• Sometimes you may have an inexperienced interviewer who asks lots of yes or no questions. Don’t be lazy with your answers. Respond to any yes or no question by first describing the situation, explaining the action and giving the result.
    • If you need to buy yourself more time to answer a question, simply ask the interviewer to repeat the question to you. This is a handy little tool to allow you to refocus your thoughts.
    • Being confident is a state of being. It’s not always easy and sometimes you just gotta act like you’re confident even if you’re not. But confidence inspires trust. And the main goal of an interview is to inspire trust that you can do the job.
    • Another basic rule that I have to say: give yourself a cushion of time to get to your interview. Plan your route ahead of time. Better to be early than to arrive late and smelling badly.


    http://www.jobinnerview.com

  8. #8
    Research the company:-Check out the company's website for important information that you can interject during the interview.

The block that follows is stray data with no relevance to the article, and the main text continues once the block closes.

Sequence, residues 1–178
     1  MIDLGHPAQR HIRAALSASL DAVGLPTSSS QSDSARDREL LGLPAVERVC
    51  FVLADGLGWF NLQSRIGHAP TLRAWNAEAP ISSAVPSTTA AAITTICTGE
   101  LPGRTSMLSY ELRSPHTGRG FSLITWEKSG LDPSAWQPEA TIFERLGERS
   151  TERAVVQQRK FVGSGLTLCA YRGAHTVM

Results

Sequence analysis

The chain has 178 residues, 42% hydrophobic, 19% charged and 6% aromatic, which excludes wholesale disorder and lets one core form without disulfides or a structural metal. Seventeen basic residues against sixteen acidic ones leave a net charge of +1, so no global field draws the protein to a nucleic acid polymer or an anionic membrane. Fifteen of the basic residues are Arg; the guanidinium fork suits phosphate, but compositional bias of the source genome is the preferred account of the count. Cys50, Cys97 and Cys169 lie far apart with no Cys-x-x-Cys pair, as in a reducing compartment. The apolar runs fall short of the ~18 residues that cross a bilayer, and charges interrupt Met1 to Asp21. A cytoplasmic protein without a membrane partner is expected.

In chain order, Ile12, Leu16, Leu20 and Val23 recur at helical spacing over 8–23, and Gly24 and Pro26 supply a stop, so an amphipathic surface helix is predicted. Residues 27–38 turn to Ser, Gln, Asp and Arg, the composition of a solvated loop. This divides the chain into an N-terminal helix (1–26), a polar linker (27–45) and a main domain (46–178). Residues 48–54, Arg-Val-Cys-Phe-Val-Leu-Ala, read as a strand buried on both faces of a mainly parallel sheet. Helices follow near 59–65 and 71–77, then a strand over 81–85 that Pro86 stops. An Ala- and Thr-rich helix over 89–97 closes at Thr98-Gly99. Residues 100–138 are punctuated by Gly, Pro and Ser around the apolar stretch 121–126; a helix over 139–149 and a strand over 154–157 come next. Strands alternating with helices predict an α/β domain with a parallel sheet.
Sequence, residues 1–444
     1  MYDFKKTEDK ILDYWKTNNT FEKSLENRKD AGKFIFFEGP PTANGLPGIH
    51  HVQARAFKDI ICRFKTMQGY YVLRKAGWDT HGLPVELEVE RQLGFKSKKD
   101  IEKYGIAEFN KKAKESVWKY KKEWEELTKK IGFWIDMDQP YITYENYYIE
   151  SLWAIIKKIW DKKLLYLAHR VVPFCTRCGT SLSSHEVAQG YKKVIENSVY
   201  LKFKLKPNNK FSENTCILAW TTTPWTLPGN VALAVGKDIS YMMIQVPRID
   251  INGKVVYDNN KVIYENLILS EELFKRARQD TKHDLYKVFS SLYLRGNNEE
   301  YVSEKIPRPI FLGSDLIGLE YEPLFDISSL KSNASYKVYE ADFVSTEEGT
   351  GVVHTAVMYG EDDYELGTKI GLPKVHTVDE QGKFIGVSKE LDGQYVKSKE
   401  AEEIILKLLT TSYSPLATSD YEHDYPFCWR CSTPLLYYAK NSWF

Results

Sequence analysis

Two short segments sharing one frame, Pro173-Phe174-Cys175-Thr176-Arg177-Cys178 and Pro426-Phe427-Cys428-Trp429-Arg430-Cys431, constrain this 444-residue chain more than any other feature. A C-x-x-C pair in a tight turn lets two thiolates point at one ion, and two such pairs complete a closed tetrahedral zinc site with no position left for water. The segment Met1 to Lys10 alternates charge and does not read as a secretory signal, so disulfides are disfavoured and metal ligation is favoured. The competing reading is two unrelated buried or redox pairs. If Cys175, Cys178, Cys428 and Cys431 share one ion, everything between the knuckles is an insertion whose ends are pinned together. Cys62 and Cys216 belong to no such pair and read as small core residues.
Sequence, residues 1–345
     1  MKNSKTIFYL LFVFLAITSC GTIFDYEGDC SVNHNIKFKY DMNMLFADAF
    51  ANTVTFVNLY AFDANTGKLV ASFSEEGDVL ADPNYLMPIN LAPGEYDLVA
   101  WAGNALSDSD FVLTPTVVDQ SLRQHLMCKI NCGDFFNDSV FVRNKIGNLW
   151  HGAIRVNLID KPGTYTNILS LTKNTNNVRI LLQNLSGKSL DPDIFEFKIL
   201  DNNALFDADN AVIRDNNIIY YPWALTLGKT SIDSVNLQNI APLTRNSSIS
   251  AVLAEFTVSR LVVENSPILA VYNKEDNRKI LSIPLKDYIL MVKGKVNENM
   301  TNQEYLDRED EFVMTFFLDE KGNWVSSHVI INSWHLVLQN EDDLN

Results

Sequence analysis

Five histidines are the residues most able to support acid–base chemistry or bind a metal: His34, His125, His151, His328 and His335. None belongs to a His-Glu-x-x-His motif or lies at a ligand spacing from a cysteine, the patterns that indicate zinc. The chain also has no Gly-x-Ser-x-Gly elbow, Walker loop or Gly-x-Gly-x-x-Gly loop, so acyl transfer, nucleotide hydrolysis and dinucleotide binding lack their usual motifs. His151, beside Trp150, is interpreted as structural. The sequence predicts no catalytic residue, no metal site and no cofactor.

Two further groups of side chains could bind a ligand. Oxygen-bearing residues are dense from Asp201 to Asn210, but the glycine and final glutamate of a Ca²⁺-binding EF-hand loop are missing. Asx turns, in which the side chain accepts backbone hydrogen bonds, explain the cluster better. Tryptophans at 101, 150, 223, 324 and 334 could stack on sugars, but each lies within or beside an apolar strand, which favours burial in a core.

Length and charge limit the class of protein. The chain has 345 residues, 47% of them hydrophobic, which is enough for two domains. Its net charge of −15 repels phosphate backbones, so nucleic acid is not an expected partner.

Prepare your stories:-You should think of some short, relevant stories you can share with the interviewer that demonstrate your skills and expertise for the job.
    Practice your responses:-You don’t need to memorize your answers, but you should be well-rehearsed going into the interview.
    Be prepared for different types of interviews:-You may have to just sit and answer questions, but you might have to demonstrate your skills.
    Steps to take after the interview:-The interviewer may tell you the next steps, but if they don’t you should ask. And don’t forget to send a thank-you note.

  9. #9
    Junior Member Junior Member
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    Nice tips shared thank you.